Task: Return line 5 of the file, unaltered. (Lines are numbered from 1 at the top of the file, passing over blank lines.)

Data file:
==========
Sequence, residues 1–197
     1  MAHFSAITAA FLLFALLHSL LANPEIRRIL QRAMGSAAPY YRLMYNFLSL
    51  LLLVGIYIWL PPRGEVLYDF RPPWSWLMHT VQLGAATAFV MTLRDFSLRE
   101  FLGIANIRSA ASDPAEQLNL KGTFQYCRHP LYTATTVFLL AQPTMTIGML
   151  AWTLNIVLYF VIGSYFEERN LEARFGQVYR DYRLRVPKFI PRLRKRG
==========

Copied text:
   151  AWTLNIVLYF VIGSYFEERN LEARFGQVYR DYRLRVPKFI PRLRKRG